Erik Olin Wright is one of the genuinely important contributors to a progressive sociology in the United States. He was one of the first wave of social scientists and philosophers who created the movement of analytical Marxism in the 1970s and 1980s, and for more than thirty years he has organized much of his own thinking and the collaborations of a number of other scholars around the idea of a "real utopia." Essentially the idea is to make use of good social science research and theory to help to formulate visions of the future of society that incorporate an emancipatory vision of human community while imagining institutions and social arrangements that are feasible and attainable. Erik's book Envisioning Real Utopias provides a manifesto and extensive development of the ideas (link).
The general perspective that Wright has taken in the Real Utopias project is egalitarian and emancipatory. The project has focused on a number of key topics: universal basic income, market socialism, deliberative democracy, alternatives to capitalism, and gender equality, to name just a few. (Earlier posts on UnderstandingSociety have highlighted some of the goals of the real utopias project (link, link). Erik's webpage provides more details.)
Erik agreed to have a conversation with me about the rationale and central convictions that underlie the real utopias project, and the discussion is a valuable contribution to some of the hardest problems of social and political life that we now face -- rising inequalities of wellbeing and opportunity and the emergence of a politics of intolerance, division, and hate.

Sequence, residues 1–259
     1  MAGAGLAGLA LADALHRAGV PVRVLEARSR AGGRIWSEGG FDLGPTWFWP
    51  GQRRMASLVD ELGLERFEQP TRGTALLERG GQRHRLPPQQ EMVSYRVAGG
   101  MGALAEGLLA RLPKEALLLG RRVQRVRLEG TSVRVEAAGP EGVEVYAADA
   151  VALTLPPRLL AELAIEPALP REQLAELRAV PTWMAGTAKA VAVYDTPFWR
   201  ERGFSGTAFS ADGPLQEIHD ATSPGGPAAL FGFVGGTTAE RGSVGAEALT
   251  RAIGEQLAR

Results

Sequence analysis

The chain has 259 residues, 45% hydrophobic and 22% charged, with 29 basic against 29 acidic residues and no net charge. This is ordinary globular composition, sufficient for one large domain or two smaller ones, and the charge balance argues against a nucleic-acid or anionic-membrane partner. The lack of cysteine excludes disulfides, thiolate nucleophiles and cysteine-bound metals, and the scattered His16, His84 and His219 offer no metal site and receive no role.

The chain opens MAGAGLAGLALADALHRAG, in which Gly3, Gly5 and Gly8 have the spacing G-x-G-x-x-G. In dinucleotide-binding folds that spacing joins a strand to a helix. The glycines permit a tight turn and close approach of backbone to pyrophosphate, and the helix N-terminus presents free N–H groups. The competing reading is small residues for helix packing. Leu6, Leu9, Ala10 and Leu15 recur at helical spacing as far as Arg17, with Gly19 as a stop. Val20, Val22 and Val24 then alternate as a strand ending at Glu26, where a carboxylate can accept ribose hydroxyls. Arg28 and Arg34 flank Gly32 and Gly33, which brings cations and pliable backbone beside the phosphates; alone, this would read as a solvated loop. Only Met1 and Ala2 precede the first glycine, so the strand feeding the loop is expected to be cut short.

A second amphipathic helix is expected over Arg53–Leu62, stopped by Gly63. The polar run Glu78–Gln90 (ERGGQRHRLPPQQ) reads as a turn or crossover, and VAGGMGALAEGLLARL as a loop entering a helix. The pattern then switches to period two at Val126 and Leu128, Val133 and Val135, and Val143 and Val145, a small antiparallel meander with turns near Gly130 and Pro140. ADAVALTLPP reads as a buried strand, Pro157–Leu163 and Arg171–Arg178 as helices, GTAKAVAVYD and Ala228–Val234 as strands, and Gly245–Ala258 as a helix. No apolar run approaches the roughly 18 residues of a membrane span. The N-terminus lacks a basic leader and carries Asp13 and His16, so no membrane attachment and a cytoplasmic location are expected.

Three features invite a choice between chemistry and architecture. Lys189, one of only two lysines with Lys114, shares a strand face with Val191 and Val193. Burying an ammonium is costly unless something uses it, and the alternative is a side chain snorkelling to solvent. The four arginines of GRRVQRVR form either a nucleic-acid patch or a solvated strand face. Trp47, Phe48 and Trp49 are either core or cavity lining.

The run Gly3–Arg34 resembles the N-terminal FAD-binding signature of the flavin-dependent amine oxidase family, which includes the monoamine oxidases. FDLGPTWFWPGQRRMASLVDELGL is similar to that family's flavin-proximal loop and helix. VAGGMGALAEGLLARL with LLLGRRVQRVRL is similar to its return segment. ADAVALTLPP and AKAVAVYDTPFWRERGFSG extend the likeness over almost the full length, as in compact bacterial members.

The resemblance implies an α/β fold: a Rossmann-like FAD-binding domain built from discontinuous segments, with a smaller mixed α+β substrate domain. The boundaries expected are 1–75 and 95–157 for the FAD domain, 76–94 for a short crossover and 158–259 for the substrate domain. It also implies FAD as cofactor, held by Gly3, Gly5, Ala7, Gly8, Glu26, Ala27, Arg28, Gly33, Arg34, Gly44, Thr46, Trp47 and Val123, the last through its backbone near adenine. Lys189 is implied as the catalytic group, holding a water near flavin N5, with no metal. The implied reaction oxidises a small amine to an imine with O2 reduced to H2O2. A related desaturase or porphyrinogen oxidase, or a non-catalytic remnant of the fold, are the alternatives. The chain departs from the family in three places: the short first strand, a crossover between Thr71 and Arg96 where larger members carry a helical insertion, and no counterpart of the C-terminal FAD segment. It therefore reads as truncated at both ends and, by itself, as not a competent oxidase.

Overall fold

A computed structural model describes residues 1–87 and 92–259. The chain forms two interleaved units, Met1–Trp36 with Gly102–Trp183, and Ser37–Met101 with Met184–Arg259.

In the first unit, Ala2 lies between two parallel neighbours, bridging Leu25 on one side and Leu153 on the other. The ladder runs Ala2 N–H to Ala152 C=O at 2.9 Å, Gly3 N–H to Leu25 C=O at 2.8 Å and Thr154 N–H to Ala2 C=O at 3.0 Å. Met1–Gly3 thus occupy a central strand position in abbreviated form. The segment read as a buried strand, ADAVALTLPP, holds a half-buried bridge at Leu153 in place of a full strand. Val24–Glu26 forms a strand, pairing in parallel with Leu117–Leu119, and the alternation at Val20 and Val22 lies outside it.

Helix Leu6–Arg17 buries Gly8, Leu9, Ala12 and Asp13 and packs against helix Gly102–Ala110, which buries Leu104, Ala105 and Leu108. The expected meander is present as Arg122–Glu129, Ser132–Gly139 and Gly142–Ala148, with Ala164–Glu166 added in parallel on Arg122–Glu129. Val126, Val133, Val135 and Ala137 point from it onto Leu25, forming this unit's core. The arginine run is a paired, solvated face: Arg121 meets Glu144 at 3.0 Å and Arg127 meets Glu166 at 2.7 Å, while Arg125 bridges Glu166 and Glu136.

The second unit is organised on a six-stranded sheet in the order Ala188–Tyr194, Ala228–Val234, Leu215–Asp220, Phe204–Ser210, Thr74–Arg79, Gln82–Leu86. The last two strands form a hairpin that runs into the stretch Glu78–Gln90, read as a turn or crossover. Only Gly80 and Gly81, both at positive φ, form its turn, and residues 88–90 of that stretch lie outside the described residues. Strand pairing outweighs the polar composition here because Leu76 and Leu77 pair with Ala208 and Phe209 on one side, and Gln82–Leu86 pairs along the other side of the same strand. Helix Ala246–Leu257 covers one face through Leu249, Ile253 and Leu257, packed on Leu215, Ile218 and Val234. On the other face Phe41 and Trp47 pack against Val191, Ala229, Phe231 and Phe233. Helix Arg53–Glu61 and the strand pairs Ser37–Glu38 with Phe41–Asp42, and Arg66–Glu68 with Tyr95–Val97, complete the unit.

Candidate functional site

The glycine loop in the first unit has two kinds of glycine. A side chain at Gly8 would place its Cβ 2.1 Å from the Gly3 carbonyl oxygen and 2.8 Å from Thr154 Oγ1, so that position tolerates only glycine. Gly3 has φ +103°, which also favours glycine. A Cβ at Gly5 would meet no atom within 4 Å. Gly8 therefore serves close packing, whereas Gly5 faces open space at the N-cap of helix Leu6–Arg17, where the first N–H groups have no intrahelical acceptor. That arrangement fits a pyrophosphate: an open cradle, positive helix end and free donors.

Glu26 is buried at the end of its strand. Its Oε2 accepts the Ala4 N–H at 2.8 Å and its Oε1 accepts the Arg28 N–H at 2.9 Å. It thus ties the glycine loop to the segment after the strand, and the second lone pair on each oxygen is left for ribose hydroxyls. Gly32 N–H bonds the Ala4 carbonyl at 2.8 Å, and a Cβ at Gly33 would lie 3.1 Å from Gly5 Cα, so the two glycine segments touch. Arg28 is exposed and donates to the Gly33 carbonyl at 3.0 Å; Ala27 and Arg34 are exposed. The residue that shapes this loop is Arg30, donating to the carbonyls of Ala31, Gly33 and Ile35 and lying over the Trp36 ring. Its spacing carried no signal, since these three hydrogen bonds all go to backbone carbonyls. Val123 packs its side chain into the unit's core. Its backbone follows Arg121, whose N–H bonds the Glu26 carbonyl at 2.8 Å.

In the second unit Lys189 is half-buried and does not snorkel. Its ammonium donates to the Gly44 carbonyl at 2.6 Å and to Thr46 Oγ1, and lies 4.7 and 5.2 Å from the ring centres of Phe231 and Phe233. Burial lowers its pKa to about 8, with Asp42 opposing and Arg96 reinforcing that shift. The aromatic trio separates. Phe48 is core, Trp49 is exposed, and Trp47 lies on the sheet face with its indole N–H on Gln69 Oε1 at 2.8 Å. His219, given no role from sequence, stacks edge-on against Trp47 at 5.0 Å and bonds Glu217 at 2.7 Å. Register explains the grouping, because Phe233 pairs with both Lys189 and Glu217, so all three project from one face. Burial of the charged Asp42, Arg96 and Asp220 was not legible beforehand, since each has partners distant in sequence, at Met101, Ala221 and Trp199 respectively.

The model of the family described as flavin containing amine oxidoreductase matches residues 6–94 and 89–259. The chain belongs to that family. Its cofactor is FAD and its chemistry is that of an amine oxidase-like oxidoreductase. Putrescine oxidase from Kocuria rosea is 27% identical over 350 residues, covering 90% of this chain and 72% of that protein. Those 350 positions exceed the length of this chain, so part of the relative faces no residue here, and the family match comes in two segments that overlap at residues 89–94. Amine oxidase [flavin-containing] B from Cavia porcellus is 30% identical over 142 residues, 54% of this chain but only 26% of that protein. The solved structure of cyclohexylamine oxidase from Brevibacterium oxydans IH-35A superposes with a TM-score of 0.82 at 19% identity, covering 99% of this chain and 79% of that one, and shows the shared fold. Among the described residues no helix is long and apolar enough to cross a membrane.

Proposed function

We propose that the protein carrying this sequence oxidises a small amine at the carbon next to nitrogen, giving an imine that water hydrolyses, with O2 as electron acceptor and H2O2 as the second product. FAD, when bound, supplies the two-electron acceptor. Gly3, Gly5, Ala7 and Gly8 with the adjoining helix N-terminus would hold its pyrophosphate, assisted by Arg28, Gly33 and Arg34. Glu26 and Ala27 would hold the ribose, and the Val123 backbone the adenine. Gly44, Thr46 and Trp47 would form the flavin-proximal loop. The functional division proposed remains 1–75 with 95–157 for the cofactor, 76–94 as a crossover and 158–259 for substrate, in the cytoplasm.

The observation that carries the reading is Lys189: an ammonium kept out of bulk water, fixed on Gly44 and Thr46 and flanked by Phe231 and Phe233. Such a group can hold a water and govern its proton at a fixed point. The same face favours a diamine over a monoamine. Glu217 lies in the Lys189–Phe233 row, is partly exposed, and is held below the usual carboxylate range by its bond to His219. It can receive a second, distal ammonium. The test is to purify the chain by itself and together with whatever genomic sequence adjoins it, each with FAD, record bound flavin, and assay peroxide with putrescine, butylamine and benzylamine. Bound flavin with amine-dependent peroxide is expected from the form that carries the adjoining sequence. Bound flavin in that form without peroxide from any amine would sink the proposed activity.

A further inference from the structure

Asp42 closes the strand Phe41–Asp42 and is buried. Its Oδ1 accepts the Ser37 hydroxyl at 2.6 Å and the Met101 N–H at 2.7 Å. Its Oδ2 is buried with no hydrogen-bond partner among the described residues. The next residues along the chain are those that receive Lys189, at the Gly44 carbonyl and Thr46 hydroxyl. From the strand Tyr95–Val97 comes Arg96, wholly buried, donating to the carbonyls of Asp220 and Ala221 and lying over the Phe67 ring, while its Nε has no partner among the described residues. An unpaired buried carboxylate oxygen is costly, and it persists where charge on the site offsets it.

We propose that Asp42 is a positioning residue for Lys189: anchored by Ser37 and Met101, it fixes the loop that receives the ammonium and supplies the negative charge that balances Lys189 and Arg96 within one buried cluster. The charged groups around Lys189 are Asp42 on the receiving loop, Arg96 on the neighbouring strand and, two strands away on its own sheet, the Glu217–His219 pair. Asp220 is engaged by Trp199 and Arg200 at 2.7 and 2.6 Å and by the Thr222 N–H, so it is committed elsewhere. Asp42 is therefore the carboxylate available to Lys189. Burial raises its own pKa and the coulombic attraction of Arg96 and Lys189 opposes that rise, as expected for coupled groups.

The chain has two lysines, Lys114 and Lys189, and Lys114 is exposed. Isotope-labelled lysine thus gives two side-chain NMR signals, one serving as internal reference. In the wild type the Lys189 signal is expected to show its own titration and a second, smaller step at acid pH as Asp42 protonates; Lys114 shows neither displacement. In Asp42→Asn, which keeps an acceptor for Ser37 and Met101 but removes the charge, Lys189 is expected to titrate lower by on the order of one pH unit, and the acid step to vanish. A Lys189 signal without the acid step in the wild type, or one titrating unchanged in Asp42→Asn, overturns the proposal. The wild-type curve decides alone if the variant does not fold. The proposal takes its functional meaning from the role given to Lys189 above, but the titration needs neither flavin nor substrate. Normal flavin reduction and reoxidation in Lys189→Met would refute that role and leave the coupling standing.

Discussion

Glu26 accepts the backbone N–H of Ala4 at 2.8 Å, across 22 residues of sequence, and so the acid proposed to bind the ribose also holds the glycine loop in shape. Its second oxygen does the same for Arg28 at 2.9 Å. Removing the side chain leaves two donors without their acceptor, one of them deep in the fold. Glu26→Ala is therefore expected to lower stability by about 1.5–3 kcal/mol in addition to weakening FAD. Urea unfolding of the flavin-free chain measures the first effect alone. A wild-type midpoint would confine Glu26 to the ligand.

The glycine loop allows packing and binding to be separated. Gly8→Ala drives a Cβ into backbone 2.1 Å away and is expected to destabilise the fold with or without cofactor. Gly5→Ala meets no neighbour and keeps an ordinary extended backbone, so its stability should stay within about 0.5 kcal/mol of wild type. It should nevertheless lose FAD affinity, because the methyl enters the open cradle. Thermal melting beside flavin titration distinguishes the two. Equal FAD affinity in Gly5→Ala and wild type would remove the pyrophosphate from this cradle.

Thanks, Erik, for spending an afternoon with me thinking and talking about these important challenges. Progressives need new ideas and new imagination about what a future world can look like, and the real utopias project is succeeding in doing exactly that.
(I chose to illustrate this post with the cover of A. V. Chayanov's Theory of Peasant Economy because Chayanov too was a "real utopian," seeking to identify a feasible road to rural emancipation that was neither capitalist nor a version of centralized authoritarian communism. Chayanov was arrested and executed by the Stalinist Soviet secret police in 1937.)
Here is a link to the interview on YouTube (link). Readers who would like to view other interviews with innovative social scientists can click the "interview" page on the right (link).